Current Assignment in the College of Education and Human Sciences:
I also teach classes and supervise students within the Marriage and Family Therapy (M.S.) and Medical Family Therapy (Ph.D.) programs. I conduct research, contribute to the scholarly literature, and engage in outreach activities in the areas of couple therapy, collaborative care, and rural mental health care.
I am particularly interested in increasing access to high quality mental health care, especially among vulnerable and underserved populations. I am currently involved in projects that designed to do that by marshalling local resources to better meet the mental health care needs of communities and delivering high quality mental health care services through videoconferencing.
I have been a faculty member at University of Nebraska-Lincoln since 1998. I moved to Nebraska from San Diego, California where I was teaching at the University of San Diego and working as a Marriage and Family Therapist in a primary care medical clinic. It was there that I developed an interest and expertise in collaborative healthcare and Medical Family Therapy. At Nebraska, I have been able to apply collaborative care principles to work in rural medical settings and I’ve been able to do this through the innovative use of videoconferencing as a primary treatment delivery medium. This work has increased access to mental health care for underserved rural residents.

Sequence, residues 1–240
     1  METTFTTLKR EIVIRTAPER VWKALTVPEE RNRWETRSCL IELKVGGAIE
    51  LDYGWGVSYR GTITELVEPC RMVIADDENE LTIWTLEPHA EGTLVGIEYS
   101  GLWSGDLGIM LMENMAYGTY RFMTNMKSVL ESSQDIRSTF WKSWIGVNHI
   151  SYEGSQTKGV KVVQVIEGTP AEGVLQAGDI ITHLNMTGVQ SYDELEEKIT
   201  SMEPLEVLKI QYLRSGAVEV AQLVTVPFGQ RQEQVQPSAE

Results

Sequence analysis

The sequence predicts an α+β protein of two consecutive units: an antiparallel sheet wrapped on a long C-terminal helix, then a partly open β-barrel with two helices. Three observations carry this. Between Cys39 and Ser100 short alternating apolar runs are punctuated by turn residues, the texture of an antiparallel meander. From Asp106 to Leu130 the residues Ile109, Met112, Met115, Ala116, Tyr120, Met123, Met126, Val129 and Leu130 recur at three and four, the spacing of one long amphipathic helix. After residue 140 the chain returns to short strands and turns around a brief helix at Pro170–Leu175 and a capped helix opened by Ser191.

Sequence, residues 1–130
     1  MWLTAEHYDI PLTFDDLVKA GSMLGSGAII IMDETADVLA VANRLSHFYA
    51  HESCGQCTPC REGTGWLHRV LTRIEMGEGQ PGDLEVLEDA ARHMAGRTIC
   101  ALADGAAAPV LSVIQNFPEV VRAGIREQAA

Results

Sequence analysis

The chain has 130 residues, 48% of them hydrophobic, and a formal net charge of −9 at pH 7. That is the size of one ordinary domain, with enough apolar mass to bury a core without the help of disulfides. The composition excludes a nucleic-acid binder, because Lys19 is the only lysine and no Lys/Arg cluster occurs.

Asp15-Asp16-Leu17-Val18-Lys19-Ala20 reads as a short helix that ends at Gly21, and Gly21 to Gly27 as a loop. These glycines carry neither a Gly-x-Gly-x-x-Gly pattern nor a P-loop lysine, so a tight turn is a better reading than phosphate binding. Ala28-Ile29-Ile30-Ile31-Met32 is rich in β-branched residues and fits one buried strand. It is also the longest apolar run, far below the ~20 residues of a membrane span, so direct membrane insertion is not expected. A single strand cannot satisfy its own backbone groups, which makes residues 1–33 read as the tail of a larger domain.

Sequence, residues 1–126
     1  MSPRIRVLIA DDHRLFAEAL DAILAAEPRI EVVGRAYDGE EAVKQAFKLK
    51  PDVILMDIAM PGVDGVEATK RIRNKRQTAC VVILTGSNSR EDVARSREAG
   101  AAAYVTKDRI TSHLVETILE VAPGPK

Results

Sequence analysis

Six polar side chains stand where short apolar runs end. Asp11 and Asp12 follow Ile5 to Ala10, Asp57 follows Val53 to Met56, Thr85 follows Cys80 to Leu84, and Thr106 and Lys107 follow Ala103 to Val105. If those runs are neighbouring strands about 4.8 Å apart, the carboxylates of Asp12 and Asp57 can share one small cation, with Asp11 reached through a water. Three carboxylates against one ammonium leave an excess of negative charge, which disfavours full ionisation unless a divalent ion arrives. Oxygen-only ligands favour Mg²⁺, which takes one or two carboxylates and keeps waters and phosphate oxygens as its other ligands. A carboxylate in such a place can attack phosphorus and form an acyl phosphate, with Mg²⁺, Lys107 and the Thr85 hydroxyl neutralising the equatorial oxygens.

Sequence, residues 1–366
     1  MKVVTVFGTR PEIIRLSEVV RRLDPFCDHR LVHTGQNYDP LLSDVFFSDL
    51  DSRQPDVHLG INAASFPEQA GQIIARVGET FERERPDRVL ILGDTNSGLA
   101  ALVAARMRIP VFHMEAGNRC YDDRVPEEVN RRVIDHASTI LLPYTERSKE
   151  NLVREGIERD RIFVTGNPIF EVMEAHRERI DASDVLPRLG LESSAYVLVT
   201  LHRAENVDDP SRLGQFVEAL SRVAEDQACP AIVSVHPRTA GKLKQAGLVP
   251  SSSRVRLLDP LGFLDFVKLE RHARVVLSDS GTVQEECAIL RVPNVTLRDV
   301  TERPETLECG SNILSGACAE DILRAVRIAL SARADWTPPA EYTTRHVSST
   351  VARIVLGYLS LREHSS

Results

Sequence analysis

This blending of interests and the innovative use of technology has been exciting for me as I see the impact that this work has on rural communities and on students. People who would not have had access to mental health care, now have access to culturally sensitive, state-of-the-art treatment. We appear to be having a positive impact on community members’ perceptions of mental health problems and mental healthcare, in that the negative attributions associated with these appear to be decreasing. My students are having rich experiential learning opportunities working with rural patients and care providers, thereby increasing their appreciation of the care culture in rural communities. They are also having one-of-a-kind opportunities to be trained in the use of videoconferencing and other technologies in delivering mental health care to underserved populations.